Polish and German experts were on Thursday set to discuss the sensitive topic of war reparations at a conference in Warsaw, according to a report.
The conference was scheduled to be held after Polish Foreign Minister Jacek Czaputowicz and Germany’s Sigmar Gabriel in January agreed that the potentially divisive issue between the two countries should be tackled by experts on both sides, the Rzeczpospolita daily has reported.
Justyna Schulz, head of Poland’s Institute for Western Affairs, which organised the conference, told the paper: “When the debate on reparations started in Poland, in Germany this topic was completely rejected at first. But now our neighbours have gotten used to it and come to understand that it's worth discussing."
Rzeczpospolita also quoted Prof. Zdzisław Krasnodębski, a Eurodeputy for Poland’s ruling conservative Law and Justice (PiS) party, as saying that the Warsaw conference would “open the door to a serious debate with Germany on reparations.”
Polish Foreign Minister Jacek Czaputowicz was this week quoted as telling German news weekly Der Spiegel that “73 years after World War II the Polish people are still talking about their suffering and losses; it's a part of our identity.”
Czaputowicz told Der Spiegel in an interview--which appeared on the weekly's website on Tuesday--that Poland’s losses during World War II were “much greater than those suffered by other countries.” He also said that there is a discrepancy between “the kind of reparations that Germany granted Western countries such as France or Belgium and how we have been compensated for our losses," according to Poland's PAP news agency.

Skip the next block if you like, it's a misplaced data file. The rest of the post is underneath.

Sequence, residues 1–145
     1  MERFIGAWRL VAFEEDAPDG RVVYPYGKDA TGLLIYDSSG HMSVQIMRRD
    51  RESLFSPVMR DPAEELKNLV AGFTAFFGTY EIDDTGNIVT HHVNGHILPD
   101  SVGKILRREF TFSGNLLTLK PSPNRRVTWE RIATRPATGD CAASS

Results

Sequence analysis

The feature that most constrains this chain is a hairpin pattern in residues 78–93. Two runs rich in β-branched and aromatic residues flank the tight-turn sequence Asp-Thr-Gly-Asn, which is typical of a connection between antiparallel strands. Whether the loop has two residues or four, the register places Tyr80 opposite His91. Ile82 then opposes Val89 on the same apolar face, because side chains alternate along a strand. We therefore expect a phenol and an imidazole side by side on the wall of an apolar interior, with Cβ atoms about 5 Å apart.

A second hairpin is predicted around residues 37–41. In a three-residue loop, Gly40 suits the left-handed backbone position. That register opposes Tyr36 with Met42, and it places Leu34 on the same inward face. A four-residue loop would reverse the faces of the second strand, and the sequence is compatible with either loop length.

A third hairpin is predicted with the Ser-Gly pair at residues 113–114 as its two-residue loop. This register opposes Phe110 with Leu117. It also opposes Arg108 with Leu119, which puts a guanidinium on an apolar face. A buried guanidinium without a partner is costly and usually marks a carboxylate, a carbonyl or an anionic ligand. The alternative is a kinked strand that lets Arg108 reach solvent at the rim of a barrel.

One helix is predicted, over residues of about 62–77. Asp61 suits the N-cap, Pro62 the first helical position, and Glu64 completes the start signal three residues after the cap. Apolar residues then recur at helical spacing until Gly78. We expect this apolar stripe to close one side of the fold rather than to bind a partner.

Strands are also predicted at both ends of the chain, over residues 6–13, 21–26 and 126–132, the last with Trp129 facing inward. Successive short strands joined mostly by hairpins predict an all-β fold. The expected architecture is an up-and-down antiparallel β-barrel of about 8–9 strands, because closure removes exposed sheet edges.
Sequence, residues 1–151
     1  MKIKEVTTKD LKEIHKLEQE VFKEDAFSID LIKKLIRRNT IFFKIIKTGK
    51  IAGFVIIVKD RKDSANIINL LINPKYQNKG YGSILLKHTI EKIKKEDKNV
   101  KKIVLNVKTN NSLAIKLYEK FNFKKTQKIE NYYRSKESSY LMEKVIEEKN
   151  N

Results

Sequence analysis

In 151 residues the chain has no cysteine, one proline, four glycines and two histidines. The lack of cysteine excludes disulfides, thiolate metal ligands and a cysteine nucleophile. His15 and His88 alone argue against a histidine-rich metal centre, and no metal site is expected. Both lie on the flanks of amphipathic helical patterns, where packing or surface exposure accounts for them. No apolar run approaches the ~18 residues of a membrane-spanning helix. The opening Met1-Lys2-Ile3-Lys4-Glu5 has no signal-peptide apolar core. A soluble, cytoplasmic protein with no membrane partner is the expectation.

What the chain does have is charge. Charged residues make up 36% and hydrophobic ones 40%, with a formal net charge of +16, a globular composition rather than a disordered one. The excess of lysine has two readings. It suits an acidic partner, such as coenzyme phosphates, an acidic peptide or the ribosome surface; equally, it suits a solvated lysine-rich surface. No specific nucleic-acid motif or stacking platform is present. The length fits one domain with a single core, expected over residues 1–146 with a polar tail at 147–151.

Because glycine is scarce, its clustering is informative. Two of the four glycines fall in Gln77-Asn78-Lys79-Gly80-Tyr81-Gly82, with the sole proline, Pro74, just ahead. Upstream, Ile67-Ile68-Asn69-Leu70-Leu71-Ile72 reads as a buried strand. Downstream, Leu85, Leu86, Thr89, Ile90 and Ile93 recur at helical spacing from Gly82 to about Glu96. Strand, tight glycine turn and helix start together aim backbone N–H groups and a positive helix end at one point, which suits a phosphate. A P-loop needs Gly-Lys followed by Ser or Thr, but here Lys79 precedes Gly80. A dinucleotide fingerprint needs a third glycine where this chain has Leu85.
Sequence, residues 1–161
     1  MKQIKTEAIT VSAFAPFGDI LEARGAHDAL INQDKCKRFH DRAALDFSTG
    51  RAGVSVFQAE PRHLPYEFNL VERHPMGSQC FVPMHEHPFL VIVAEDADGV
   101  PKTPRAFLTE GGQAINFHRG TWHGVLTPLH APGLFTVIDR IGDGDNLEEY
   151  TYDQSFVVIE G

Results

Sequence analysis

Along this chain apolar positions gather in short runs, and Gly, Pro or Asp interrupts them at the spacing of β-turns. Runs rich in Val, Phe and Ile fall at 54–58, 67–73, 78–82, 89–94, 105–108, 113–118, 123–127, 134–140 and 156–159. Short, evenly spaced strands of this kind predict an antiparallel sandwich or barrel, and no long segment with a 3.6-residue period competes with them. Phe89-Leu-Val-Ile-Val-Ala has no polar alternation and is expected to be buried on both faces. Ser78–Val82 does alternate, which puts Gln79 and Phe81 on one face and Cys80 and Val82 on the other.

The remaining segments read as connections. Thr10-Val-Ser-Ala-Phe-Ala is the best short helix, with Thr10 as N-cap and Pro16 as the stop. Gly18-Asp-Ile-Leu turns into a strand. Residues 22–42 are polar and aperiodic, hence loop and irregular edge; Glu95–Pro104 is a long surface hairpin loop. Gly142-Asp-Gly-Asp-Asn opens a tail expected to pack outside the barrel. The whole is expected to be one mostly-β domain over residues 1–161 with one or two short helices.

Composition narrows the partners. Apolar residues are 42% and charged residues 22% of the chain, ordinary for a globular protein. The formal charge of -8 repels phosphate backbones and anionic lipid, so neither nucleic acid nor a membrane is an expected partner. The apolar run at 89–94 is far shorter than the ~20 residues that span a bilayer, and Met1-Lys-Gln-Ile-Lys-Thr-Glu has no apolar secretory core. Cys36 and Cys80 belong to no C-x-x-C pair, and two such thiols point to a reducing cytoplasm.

Earlier this year, the head of a Polish team assessing potential reparations said that Germany could owe Poland USD 850 billion for damage it inflicted in World War II.
"We are talking about very large, but justified amounts of compensation for war crimes, for destroyed cities, villages, the lost demographic potential of our country,” Arkadiusz Mularczyk, an MP with Poland’s ruling conservative Law and Justice party, said at the time, as quoted by the PAP news agency.
Mularczyk heads a parliamentary team set up in September to assess the amount of potential compensation due from Germany, which invaded Poland in 1939, sparking World War II.
Last year, an analysis by Polish parliamentary experts said the government in Warsaw is entitled to demand that Germany pay reparations for the massive war-time damage it inflicted on Poland.
German officials have said that the issue was definitively settled with Poland in 1953.
In a resolution adopted that year, the Polish communist government of the time recognised that Germany had fulfilled its obligations with regard to Poland and decided against seeking compensation.
But Poland's ruling conservatives have said that decisions made by the country's communist-era authorities are not still valid because they were made under pressure from the Soviet Union.
Jarosław Kaczyński, head of the Law and Justice party, which came to power in late 2015, said at a convention in July last year that Poland never received compensation for the massive damage it suffered in World War II, losses which "we have really still not made up for".
Officials in Warsaw have noted that nearly six million Poles were killed during the war from 1939 to 1945, when their country was invaded by Nazi Germany.
Source: rp.pl, PAP